New political alliance increases pressure on India’s ruling party

Bahujan Samaj Party chief Mayawati (L) speaks as and Samajwadi Party chief Akhilesh Yadav address a news conference to announce their alliance for the upcoming national election, in Lucknow, India, on January 12, 2019. (REUTERS/Pawan Kumar)
Updated 12 January 2019
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New political alliance increases pressure on India’s ruling party

  • Uttar Pradesh is a bellwether of national politics, accounting for 80 of the 552 members of Parliament in New Delhi
  • The Samajwadi Party and the Bahujan Samaj Party have joined hands to counter the ruling party

NEW DELHI: Two regional parties that were former bitter rivals announced an unlikely alliance on Saturday to fight Indian Prime Minister Narendra Modi’s ruling Hindu nationalist party in a looming general election.
The Samajwadi Party (SP) and the Bahujan Samaj Party (BSP) — key players in the northern state of Uttar Pradesh — said they would set aside their differences to jointly fight Modi in the bedrock state.
The two central-left parties have widespread support among lower castes and poor voters across the state — India’s most populous, with 220 million people.
Uttar Pradesh is a bellwether of national politics, accounting for 80 of the 552 members of Parliament in New Delhi. An election is expected to be held in April and May and one recent poll indicated Modi’s Bharatiya Janata Party (BJP) may fall short of a majority.
Akhilesh Yadav, the Samajwadi Party head, said the alliance would counter the “divisive politics” of the BJP, which won a landslide victory in 2014.
“The BJP is dividing the country, it is stoking fear and hatred among communities,” Yadav told a news conference sat alongside Mayawati, a popular low-caste leader who heads the BSP. The parties, which will contest 38 seats each out of the state’s 80, left the main opposition Congress party out of the alliance.
The two have been fierce rivals in recent years. They teamed up in 1993 and formed the Uttar Pradesh state government but relations soured after Mayawati said she was assaulted by Samajwadi Party activists in 1995.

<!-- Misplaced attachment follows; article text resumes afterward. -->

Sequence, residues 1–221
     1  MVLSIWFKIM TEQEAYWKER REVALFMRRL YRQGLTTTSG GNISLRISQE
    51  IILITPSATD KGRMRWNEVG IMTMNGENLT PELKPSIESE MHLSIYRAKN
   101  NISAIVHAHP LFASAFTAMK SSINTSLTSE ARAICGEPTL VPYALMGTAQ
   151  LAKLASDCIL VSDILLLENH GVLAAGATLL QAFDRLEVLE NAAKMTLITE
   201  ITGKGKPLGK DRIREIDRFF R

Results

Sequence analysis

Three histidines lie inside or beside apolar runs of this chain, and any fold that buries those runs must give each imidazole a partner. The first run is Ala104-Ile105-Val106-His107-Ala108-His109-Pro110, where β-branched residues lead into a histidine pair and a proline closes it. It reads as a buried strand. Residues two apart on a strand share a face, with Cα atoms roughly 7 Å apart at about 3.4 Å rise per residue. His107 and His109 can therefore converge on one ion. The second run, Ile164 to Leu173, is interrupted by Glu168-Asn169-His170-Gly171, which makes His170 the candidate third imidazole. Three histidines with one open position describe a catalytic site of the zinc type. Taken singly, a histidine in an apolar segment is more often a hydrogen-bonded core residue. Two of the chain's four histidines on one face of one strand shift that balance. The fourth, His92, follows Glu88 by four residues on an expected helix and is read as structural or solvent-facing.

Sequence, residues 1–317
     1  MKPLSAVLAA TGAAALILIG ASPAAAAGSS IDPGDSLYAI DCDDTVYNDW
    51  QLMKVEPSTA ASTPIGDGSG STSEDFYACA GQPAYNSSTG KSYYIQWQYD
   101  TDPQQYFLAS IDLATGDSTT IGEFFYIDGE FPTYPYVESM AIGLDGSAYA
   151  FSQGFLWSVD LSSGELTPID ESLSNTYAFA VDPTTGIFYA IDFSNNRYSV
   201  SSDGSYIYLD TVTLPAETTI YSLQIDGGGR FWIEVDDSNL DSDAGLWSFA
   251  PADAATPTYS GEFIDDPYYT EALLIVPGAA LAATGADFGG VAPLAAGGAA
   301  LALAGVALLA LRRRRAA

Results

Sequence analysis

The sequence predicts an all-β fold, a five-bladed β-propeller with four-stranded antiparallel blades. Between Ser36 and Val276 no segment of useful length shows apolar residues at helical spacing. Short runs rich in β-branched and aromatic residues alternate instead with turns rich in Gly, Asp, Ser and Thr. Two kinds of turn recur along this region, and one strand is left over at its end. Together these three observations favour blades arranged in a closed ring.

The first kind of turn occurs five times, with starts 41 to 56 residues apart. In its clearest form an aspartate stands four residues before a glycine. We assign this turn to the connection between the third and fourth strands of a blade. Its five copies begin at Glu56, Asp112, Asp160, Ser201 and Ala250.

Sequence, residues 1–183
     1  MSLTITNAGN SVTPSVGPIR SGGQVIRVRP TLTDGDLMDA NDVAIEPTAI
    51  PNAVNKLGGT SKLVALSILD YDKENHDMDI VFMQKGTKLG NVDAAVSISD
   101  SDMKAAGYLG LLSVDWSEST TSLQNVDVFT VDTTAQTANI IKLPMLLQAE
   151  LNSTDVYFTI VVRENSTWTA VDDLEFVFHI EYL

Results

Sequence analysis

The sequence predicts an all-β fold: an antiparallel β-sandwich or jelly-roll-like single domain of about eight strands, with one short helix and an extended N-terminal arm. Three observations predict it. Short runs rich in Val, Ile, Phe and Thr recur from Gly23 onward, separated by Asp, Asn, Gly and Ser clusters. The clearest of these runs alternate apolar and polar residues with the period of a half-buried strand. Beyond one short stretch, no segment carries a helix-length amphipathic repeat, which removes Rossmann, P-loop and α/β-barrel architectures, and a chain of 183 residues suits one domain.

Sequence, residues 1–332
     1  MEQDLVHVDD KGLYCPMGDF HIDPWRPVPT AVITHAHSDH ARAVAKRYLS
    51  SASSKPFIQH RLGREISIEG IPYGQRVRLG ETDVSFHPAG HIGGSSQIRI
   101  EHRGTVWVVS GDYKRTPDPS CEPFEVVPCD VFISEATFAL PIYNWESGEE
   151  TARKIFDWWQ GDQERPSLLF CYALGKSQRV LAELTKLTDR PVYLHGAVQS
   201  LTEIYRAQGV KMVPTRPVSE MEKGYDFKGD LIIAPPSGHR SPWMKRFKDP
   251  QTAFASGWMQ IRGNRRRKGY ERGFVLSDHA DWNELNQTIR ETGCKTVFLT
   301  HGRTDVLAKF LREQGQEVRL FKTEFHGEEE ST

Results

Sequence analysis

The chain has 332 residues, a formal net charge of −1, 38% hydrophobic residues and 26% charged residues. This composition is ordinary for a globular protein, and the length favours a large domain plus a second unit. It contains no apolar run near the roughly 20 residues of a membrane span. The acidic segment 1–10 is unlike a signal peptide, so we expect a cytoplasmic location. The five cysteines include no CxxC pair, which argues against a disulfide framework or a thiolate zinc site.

Modi’s BJP suffered a rare reverse when it lost three key state elections to Congress last month, amid discontent over unemployment and economic inequality.
A BJP spokesman played down the importance of the alliance.
“We are confident. Even if all the parties come together, we will still win,” Sudhanshu Trivedi told reporters in Delhi where the BJP is holding a key convention.
Modi rallied 10,000 party workers at the convention, dismissing critics who say his policies harm the poor.
“During our time there has not been a single corruption allegation against us,” he said. “We believe in treating everyone equally and taking the country on the path of development.”


Indonesia flood, landslide death toll rises to 30

Updated 3 min 30 sec ago
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Indonesia flood, landslide death toll rises to 30

  • More than 3,000 people have been evacuated and at least 46 are being treated at local hospitals and health clinics
  • In October, flash floods and landslides killed at least 22 people in several districts across Sumatra island

MAKASSAR, Indonesia: The death toll from flash floods and landslides in Indonesia has risen to 30, as rescuers raced to find two dozen still missing, the disaster agency said Thursday.
Thousands have been evacuated from their homes as heavy rain and strong winds pounded the southern part of Sulawesi island, swelling rivers that burst their banks and inundating dozens of communities in nine southern districts.
Parts of the provincial capital Makassar have also been affected.
Rescuers and residents waded through streets filled with waist-deep water, some carrying their belongings above their heads.
“We urge people to always be aware of the possibility of floods and landslides,” said national disaster agency spokesman Sutopo Purwo Nugroho.
Landslides and flooding are common in Indonesia, especially during the monsoon season between October and April, when rain lashes the vast Southeast Asian archipelago.
In October, flash floods and landslides killed at least 22 people in several districts across Sumatra island.
On Thursday, the disaster agency said that while flooding in South Sulawesi province was receding “the search and evacuation process is still ongoing.”
The death toll had stood at 26 on Thursday morning.
More than 3,000 people have been evacuated and at least 46 are being treated at local hospitals and health clinics.
The floods also damaged houses, government buildings, schools and bridges.